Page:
- Those with responsibility in regional and local councils.
- Our business partners - hoteliers, airlines, car rental companies, incoming agencies, travel agencies.
- Our guests, whom we want to win over to an ecological orientation and who expect corresponding efforts from us.
TUI attaches great importance to informing its guests about the environment. All our catalogues, with a total print-run of over 30 million copies, provide important ecological information on the condition of nature and the environment in 150 holiday regions worldwide, and the ecological operations of selected and monitored hotels in all our holiday regions. This information is intended to help guests choose their destination and hotel so that they arrive with realistic expectations.
More than 10,000 holiday hotels and apartment houses are monitored every year using TUI environmental checklists. The records of the data are documented, analyzed and processed over seven years for contracting hotels and travel agents and for the descriptions in the catalogues. This shows how ecological quality standards are realized in practice in 166 holiday hotels with a total of 80,000 beds - belonging
to six subsidiary companies and TUI brands; the economic and ecological benefits that result; and the impact they have on client satisfaction. We have
proof of the beneficial influence of continuous environmental improvement
in contracting hotels.
We also support all moves towards 'eco-labelling', such as ISO14001 for the 'Blue Flag'. We naturally inform our business partners in international holiday hotels that do not belong to the TUI group of our experiences in putting ecological quality standards into practice in our hotels.
The TUI Environment Department represents a unique Corporate Competence Centre. This communicates advisory and support services to the entire TUI group, with more than 100 associated companies, according to defined ecological criteria for destinations, holiday hotels and transport. The worldwide TUI Environmental Network brings together thousands of our staff members, contracting partners, environmentalists, national tourist boards and information bureaux and environment associations, in reporting and solving problems to relieve the environment and improve
the quality of tourism.
The findings that result from TUI's worldwide environmental monitoring are presented to tourism managers in local and regional seminars and conferences - and are directed to regional and national governments in the form of 'recommendations'.
The Environment Department has developed an environmental management system, which follows up local environmental activities in the resort areas and source markets as well as taking regional, international and global relations into account. Since participating in the World Conference on Sustainable Tourism in Lanzarote in April 1995 the group has continued its environmental policy in accordance with Agenda 21, seizing many opportunities in cooperation with UNEP. It played a part in preparing for the Berlin Declaration on Biological Diversity and Sustainable Tourism in March 1997 and presented its ecological ideas and measures at the Fourth Conference of the Parties to the Convention on Biological Diversity in Bratislava in May 1998. It also contributed to the dialogue at the UNEP/WTO Conference on Sustainable Tourism in Small Island Developing States in Lanzarote in October 1998.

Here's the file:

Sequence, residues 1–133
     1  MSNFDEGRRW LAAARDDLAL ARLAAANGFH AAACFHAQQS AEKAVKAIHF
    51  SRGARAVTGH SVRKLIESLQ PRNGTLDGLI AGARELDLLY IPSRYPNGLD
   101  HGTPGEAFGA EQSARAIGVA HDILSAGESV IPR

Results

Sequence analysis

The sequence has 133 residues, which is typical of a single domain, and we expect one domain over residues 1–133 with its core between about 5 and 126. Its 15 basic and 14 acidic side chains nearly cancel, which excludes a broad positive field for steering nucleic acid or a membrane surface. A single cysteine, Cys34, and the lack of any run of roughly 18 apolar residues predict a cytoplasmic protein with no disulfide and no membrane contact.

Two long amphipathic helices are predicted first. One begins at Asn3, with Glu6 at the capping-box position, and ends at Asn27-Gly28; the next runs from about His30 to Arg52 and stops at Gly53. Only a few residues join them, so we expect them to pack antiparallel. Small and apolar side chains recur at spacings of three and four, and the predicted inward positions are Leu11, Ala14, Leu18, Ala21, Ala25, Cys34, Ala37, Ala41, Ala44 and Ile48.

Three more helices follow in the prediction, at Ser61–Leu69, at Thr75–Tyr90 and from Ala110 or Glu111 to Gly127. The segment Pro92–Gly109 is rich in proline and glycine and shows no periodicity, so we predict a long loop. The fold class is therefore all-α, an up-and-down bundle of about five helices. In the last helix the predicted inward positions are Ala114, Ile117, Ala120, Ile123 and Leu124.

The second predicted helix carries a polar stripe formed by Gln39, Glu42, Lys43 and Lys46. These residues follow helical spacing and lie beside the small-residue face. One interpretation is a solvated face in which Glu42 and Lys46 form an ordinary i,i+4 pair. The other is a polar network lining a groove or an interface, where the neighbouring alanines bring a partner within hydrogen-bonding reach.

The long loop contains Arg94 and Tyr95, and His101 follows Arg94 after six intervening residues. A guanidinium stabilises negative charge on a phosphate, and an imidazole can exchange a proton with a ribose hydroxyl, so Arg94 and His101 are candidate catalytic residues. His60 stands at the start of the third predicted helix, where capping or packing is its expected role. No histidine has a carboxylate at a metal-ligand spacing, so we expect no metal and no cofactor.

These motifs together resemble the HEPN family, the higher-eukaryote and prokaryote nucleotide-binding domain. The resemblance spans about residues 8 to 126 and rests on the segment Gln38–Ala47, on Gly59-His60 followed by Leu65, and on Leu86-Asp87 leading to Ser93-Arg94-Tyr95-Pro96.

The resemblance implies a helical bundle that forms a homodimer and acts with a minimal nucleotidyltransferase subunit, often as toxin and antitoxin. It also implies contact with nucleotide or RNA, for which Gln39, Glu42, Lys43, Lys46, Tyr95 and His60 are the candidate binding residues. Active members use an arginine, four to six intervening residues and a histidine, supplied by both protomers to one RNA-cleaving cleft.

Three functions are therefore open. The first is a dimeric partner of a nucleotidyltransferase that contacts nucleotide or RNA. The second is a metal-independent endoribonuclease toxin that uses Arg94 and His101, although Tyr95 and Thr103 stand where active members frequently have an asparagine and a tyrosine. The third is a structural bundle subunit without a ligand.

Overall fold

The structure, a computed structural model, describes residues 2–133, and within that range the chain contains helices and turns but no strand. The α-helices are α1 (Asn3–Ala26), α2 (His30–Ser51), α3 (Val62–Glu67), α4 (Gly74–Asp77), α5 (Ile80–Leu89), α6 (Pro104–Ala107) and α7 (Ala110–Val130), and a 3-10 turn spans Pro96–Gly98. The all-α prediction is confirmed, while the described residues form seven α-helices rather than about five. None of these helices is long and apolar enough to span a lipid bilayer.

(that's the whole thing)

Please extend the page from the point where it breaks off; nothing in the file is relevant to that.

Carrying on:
The special Agenda 21 for the Travel and Tourism Industry provides a ready-made framework for developing and implementing measures for enabling tourism to grow in an ecologically sustainable way. The group cooperates with the WTO and the World Travel & Tourism Council, which give considerable support. It finds cooperation with the tourism industry's national associations equally fruitful. The Federal Association of the German Tourism Industry is prominent among these: it has provided a common Environmental Declaration advocating sustainable development as a guiding star for those in charge of the tourism industry in Germany.
Dr. Ralf Corsten is Chairman of the Executive Board of Touristik Union International, Hannover, Germany.
TUI's practical activities in working for the sustainable development of tourism:
- Reducing environmental impact by boosting
eco-efficiency - in energy consumption, water consumption, land use and nature use - in thousands of holiday hotels. TUI's own hotels play a pioneering
- Integrating environmental quality standards and
social standards into total quality management concepts and actively implementing them.
- Supporting a graduated policy of conserving nature and landscape in holiday regions, with firmly defined regulations on how to protect and use them. TUI uses the number of protected areas in each region as one of its key ecological criteria for determining the quality of holidays.
- Supporting and promoting holiday regions as candidates for recognition as UNESCO biosphere reserves: Menorca, Lanzarote and Coto Doñana are positive examples.
- Supporting measures to restore overused holiday zones to nature, including measures for 'restoring value' by a strategy of 'protection through use'. This combines nature protection and adding economic value through compatible ways of utilizing the areas.
- Supporting communities and regions - such as
Calvia in Mallorca, the Alps and the Caribbean - in implementing the development processes of local
- Actively promoting the harmonization of local, communal and regional needs in concerted regional tourism development programmes, according to strictly controlled master plans.
- Supporting all measures that help provide the sensible management of visitors such as controlling their flow and regulations on the appropriate numbers for particular
areas at any one time.